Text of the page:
Why Most Financial Plans Fail

Many people who work with us to figure out their retirement plan, have created a financial plan before.

You can get a financial plan from a bank, online methods, financial advisors or fee-only financial planners, but often these financial plans fail. They do not give you the life you want.

In my latest video and podcast episode, I outline what is wrong with most financial plans, how we create retirement plans with our clients, and exactly what you need to be confident in your future.

Watch the video to find out:

  • How do we know most financial plans fail?
  • What exactly is a retirement plan?
  • Common bad assumptions.
  • Why bad assumptions are used.
  • Why you need a growth mindset.
  • Risk of a Fear-Based Mindset.
  • Generic plan vs. custom plan.
  • Importance of confidence in your plan.
  • “One option plan” problem.
  • How an “interactive financial plan” gives you confidence. 
  • “Interactive Financial Plan” Process.
  • Why you need a higher risk tolerance.

I hope you enjoy it!


Planning With Ed


Ed Rempel has helped thousands of Canadians become financially secure. He is a fee-for-service financial planner, tax  accountant, expert in many tax & investment strategies, and a popular and passionate blogger.

Ed has a unique understanding of how to be successful financially based on extensive real-life experience, having written nearly 1,000 comprehensive personal financial plans.

The “Planning with Ed” experience is about your life, not just money. Your Financial Plan is the GPS for your life.

Get your plan! Become financially secure and free to live the life you want.


  1. Ed Rempel on November 27, 2023 at 10:39 PM

    Hi Leonard,

    Thanks so much for the kinds words. I’m glad it has helped you, Leonard.


  2. Ed Rempel on November 27, 2023 at 10:38 PM

    Hi Bruce,

    OAS does not have a pension fund. It is not a pension, like CPP. It is paid out of current government taxes. It is workers’ taxes this year being transferred to retired people.

    OAS is clawed back for people with higher incomes. Today, it’s relatively high with the clawback starting at about $87,000 taxable income per person. All OAS is not clawed back until you earn $143,000 per person. However, governments have debt levels spirallling out of control. It may be a fundamental flaw of democracy, since voters rarely vote out governments that spend too much.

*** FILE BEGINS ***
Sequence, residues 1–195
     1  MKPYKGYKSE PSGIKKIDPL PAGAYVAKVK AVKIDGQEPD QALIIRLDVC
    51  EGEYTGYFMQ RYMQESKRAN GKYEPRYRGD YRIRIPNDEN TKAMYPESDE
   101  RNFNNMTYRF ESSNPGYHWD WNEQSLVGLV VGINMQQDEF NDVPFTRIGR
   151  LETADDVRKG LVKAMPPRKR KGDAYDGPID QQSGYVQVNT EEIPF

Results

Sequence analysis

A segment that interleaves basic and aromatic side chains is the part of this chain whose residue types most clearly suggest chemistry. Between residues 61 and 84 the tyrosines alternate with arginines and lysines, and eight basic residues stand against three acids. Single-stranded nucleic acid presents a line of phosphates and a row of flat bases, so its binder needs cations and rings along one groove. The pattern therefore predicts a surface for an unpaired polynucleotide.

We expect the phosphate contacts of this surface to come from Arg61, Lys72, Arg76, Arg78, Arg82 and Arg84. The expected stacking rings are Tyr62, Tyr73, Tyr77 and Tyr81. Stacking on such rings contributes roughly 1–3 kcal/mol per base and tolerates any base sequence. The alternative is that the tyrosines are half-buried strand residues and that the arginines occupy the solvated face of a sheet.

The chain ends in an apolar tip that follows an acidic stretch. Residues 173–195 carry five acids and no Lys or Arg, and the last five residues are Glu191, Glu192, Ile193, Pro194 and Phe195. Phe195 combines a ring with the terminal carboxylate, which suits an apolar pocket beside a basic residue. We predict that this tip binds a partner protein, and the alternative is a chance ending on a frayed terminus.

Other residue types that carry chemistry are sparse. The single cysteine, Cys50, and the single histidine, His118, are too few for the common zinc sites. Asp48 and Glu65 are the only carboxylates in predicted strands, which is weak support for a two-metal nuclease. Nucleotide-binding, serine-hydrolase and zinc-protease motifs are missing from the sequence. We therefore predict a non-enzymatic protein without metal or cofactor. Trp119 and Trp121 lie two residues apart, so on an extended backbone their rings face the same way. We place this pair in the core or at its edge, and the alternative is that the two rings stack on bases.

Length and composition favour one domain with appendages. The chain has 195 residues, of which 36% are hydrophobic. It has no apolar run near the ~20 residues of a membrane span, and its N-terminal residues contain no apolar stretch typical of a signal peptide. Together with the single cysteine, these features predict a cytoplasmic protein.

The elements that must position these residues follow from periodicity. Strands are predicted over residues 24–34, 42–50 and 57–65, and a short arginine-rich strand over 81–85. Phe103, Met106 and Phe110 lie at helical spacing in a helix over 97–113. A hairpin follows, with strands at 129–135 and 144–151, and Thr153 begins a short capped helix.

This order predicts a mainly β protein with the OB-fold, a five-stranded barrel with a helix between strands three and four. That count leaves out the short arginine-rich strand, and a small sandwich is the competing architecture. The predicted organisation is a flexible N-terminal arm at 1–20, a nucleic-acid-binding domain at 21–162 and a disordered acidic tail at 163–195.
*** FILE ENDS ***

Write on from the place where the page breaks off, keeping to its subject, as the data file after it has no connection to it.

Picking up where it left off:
It’s easy to imagine governments thinking why should they take taxes from middle class workers and give them to retired people making $143,000 each. That’s $286,000/year for a couple.

    The average worker in Canada makes $65,000 and part of their income tax goes to retirees making up to $286,000 for a couple.

    Governments today are on a “tax the rich” delusion. (They do not realize that all taxes are paid by the consumer.) It’s not hard to imagine governments reducing the clawback from $87,000/year to a much lower amount, so that only poor retirees get OAS. It seems reasonably likely that OAS could eventually convert from a retirement income to a version of welfare for the old.

    In that case, most retirees could have some or all of their OAS clawed back. Retirement is long – over 30 years for most couples.

    We want to include only income that we are pretty sure we will get. We are just not that confident that current frivolous spending governments with socialist tendencies can be relied on to pay our retirement incomes.

    Having said all this, removing OAS totally has surprisingly little effect on your “Number” – the total amount you need to save to retire with the lifestyle you want. It has only a minor effect on the rate of return required to retire comfortably.


  3. Leonard on October 25, 2023 at 2:08 AM

    I am 64 and have been retired for just over three years. I 100% (pardon the pun) agree with the 100% equity retirement investment strategy that Ed proposes. It does of course mean to have the RIGHT investments, but bonds are a disaster in a retirement plan. I have learned and continue to learn so much from Ed. Thanks for your passionate service to us DIY’ers!

  4. Bruce Garrod on October 24, 2023 at 4:15 PM

    It doesn’t seem like a reasonable approach to say OAS level will be dramatically reduced in “10, 20 or 30 years” and then completely remove it from a retirement plan. Perhaps its fair if the plan is for someone in their 30’s but few others in my opinion. It’s an ultra-conservative approach.

    It then strikes me as odd to pivot to needing to invest aggressively and assume 8% returns for life.

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